Class Report: Web Development (CS 290)

sheet Part of the note sheet that I used for the final.

This fall I took two courses: Web Development and Databases. This post summarizes my experiences with the former, and offers some advice for people taking the course in the future.


Luyao Zhang


  • HTML
  • CSS
  • JavaScript
  • TCP/IP
  • DOM
  • Ajax
  • Node.js
  • Express
  • Handlebars
  • MySQL

Programming Environment

In comparison to my introductory courses (CS 161 and 162), data structures (CS 261), and assembly (CS 271), this course did not involve a lot of coding. As such, I spent most of my time coding in Sublime Text 3.

It was easy enough to run my Node apps on Oregon State’s FLIP server, so I never ran them locally, although I did install Node so that I could run simple JavaScript apps from my command-line.

Here are some commands I found to be helpful when setting up and running Node servers on FLIP.

Install forever to run Node servers continuously:

npm install forever

Start a forever process to run a Node server continuously:

./node_modules/forever/bin/forever start [file.js] [port]

Show currently running Node servers (must run from whichever folder contains your node_modules folder):

./node_modules/forever/bin/forever list


None of the assignments, save for the last, were particularly difficult. Here are a few examples of tasks we had to complete for assignments:

  • Create and style an webpage with HTML and CSS
  • Complete challenges laid out in the book Eloquent JavaScript
  • Create comparison operators for custom objects
  • Handle events and manipulate the DOM
  • Send GET and POST requests
  • Interact with a MySQL database (the most challenging of the bunch)

The final project for the course was easy (though it was open-ended so could be made more difficult depending on what the person decided to do). It didn’t require much JavaScript (only enough for a slideshow) and didn’t require database interaction at all. I got really NASA’s Mars Photos API and so for my project I built an Instagram-like site based on it. You can see it here.

rovergram website A screen-capture of my final project.


There was no midterm and no quizzes, just a final. The final was difficult but I had earned perfect scores on all of my assignments so I wasn’t too worried about doing well. We were allowed a hand-written sheet of notes, which was very useful. I wrote down lots of code snippets, especially for JavaScript and Express.

Another thing that helped on the exam was creating a few flashcards for each week of the course and reviewing them every day. It only takes a few minutes but goes a long way in helping me remember things. I use an app called Anki.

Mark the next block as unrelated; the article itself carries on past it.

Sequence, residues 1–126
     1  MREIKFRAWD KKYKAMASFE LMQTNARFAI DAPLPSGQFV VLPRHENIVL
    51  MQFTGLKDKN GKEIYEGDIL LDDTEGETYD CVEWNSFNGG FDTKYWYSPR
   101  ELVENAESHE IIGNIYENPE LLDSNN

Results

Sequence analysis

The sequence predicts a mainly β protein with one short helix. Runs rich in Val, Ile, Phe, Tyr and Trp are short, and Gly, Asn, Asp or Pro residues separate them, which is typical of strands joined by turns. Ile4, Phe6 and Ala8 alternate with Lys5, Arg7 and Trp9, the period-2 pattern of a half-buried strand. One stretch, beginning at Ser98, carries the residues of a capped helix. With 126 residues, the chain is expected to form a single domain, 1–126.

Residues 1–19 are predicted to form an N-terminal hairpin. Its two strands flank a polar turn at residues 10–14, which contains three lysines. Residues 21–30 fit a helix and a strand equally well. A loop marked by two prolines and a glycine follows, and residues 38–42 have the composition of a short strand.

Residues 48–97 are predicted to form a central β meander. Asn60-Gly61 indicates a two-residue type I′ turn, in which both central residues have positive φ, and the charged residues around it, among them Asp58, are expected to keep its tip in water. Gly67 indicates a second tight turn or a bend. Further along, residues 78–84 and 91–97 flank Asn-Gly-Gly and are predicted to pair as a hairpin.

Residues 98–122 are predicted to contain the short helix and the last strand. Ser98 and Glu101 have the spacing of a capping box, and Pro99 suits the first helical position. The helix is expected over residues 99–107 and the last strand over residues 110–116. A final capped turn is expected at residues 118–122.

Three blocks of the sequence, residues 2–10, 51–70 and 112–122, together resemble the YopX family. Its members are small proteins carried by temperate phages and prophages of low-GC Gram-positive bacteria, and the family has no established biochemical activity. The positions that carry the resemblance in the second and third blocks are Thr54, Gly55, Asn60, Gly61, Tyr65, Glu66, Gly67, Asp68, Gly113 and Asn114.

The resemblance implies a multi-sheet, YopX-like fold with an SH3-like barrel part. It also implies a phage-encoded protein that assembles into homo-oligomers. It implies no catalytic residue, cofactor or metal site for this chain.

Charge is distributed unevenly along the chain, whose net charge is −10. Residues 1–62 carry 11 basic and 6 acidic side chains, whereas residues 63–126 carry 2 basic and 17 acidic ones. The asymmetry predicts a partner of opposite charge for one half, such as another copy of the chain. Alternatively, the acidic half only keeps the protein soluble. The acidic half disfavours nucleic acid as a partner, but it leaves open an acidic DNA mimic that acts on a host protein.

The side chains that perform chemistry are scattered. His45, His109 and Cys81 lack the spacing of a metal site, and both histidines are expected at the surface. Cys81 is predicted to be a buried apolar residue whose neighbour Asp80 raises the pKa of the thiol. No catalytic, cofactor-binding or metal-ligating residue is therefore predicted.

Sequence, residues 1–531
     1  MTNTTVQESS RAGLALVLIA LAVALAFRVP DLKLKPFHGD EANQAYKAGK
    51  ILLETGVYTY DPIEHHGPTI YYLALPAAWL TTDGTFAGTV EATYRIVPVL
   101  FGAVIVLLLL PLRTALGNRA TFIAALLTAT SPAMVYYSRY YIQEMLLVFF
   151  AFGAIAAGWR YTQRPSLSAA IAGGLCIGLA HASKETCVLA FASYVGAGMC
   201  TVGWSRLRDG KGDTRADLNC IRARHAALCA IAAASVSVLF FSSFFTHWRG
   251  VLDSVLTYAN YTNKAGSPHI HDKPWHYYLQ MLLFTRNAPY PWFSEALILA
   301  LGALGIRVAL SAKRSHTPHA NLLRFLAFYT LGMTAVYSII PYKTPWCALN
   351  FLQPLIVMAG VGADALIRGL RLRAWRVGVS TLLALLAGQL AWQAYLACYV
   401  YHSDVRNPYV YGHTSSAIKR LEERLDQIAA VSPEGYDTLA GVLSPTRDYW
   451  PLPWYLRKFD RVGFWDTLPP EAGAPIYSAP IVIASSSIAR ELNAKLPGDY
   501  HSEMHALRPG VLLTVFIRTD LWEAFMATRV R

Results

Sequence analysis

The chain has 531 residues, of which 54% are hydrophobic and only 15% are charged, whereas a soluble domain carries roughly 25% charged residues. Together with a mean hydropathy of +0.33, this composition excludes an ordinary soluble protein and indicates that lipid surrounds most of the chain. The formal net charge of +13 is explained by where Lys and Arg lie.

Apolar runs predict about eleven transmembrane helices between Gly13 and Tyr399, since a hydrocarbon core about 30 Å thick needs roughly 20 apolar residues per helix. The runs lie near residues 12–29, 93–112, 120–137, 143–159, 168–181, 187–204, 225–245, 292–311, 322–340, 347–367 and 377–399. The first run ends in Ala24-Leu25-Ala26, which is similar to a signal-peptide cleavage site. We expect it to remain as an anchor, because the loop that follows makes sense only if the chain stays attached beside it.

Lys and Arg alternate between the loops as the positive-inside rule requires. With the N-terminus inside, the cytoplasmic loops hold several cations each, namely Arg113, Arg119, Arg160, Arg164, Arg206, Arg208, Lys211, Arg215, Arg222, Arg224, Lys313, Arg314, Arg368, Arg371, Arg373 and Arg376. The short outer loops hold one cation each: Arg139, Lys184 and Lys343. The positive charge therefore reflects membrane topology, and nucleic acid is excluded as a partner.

Extra Resources

A couple weeks before the course started I began an Udemy course by Colt Steele called the Web Developer Bootcamp. Colt is a natural instructor and so I highly recommend taking his course if you want to get a leg up on the material. Just don’t pay full-price for the course, it goes on sale all the time so you should be able to find it for $15 or less.

One note about Colt’s course: The instruction is so good that it often made Oregon State’s web development course very, very boring. If you want to get a head start, great, but just know that it’s not necessary.

At the beginning of the term I checked out a bunch of JavaScript books from the library. JavaScript is known for being strange in parts, but aside from closures, the course doesn’t cover anything too complicated. If I were going to dig further into JavaScript I’m sure I’d find books like JavaScript: The Good Parts helpful, but they were unnecessary for this course.

Difficulty and Time Commitment

This course was straightforward and not particularly difficult. I spent 87 hours on the course over the entire semester, including the Udemy course I took at the beginning of the term. That works out to a little under nine hours per week. If I had decided against doing the Udemy course and had done the bare minimum for my final project, I probably could’ve gotten this down to about 65 hours or so.


This course was fine. Web development is not my number one interest in the world of programming, but I feel like the course designer, Justin Wolford, did a good job of covering an extraordinarily broad subject in a short period of time. If I decided to make a web app tomorrow, I think I’d have a reasonably good idea where to start. The only thing we never really touched on was how to handle users: accounts, passwords, etc.

Another thing to credit to Justin Wolford and Luyao Zhang is that the course was well-organized. Course content, expectations, and deadlines were very clear.

Final Grade: A